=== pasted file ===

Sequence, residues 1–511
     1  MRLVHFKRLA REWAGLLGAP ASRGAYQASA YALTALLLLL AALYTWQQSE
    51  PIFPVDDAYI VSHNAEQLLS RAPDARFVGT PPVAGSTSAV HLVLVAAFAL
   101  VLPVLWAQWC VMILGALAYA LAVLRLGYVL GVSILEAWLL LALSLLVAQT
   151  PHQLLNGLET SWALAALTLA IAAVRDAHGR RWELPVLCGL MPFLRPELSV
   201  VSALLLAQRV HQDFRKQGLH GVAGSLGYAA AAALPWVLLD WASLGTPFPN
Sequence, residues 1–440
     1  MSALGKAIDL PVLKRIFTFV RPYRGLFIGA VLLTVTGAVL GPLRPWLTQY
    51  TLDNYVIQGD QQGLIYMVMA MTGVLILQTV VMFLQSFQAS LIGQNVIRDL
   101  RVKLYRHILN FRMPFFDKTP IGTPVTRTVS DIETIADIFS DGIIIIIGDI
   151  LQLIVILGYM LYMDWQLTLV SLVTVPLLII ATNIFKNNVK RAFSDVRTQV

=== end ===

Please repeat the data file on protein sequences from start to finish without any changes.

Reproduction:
Sequence, residues 1–511
     1  MRLVHFKRLA REWAGLLGAP ASRGAYQASA YALTALLLLL AALYTWQQSE
    51  PIFPVDDAYI VSHNAEQLLS RAPDARFVGT PPVAGSTSAV HLVLVAAFAL
   101  VLPVLWAQWC VMILGALAYA LAVLRLGYVL GVSILEAWLL LALSLLVAQT
   151  PHQLLNGLET SWALAALTLA IAAVRDAHGR RWELPVLCGL MPFLRPELSV
   201  VSALLLAQRV HQDFRKQGLH GVAGSLGYAA AAALPWVLLD WASLGTPFPN
Sequence, residues 1–440
     1  MSALGKAIDL PVLKRIFTFV RPYRGLFIGA VLLTVTGAVL GPLRPWLTQY
    51  TLDNYVIQGD QQGLIYMVMA MTGVLILQTV VMFLQSFQAS LIGQNVIRDL
   101  RVKLYRHILN FRMPFFDKTP IGTPVTRTVS DIETIADIFS DGIIIIIGDI
   151  LQLIVILGYM LYMDWQLTLV SLVTVPLLII ATNIFKNNVK RAFSDVRTQV